Spring weed control needs extra care in stressed crops

A tough few months weather-wise has resulted in some huge variations in crops across the country, posing numerous management headaches, not least for early weed control in winter cereals.

waterlogged crop field

As Hutchinsons northern technical manager, Cam Murray, explains, at one end of the scale, there are those crops sown relatively early last September, that established nicely in good conditions and received a timely pre-emergence spray that, in many situations, worked well in moist soils.

Conversely, there are later-sown wheats drilled after the weather broke, perhaps into sub-optimal conditions and without any pre-em herbicide. There are also crops that, regardless of drilling date, have struggled to establish, or suffered rooting damage due to severe flooding or waterlogging.

On the worst-affected areas, tough decisions may be needed as to whether any re-drilling is required, but with a shortage of spring cereal seed this year, options are limited.

Mr Murray warns that where crops have experienced prolonged periods of waterlogging and anaerobic conditions, compromised root development is likely to increase crop stress, so great care is needed when planning spring herbicide applications.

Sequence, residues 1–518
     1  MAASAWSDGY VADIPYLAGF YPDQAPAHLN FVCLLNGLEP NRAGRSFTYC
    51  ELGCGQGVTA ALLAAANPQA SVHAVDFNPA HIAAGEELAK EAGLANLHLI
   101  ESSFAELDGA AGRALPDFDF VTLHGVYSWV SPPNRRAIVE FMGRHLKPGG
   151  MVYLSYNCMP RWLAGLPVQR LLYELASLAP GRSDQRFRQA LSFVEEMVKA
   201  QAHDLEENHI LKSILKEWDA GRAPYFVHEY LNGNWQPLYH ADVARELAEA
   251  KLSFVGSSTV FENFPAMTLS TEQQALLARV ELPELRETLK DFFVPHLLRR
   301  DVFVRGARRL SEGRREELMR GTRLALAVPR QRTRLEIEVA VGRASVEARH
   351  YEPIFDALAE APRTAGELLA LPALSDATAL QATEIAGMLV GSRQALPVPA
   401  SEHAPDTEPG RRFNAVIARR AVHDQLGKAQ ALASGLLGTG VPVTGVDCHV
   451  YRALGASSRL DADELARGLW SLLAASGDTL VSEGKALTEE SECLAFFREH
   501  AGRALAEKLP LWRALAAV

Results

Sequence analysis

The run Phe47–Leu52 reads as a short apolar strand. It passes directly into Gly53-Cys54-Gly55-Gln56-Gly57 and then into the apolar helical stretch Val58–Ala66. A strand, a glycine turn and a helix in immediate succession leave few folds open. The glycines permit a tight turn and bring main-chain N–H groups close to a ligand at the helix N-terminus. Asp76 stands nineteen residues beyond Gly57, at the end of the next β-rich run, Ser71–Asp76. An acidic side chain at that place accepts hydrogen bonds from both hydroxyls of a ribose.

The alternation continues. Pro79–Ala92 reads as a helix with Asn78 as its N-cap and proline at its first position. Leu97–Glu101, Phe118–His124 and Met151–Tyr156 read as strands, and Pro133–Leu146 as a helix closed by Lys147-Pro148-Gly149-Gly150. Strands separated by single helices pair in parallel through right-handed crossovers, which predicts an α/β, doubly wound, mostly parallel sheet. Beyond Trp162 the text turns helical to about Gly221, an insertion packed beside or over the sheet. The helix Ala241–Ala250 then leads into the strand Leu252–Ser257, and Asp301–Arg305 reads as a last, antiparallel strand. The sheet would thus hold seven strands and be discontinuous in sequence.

“Even if autumn weed control was compromised and you’re keen to get on with a spring herbicide once conditions allow, don’t apply anything if crops are showing stress or yellowing; it’ll just make a bad situation worse.

“Accurate spray timing is going to be paramount this spring and key to not doing any more damage than has already been done by the weather.”

Address crop stress first

Before doing anything, Mr Murray advises growers to carefully assess crop condition and weed pressure, then consider the most suitable strategy.

Where crops are stressed, due to either waterlogging, or, potentially where the pre-em has been washed into the rooting zone, he says it may be better to delay herbicide application, especially of stronger contact grassweed chemistry, and prioritise early nitrogen to stimulate growth and improve resilience to any potential herbicide effects.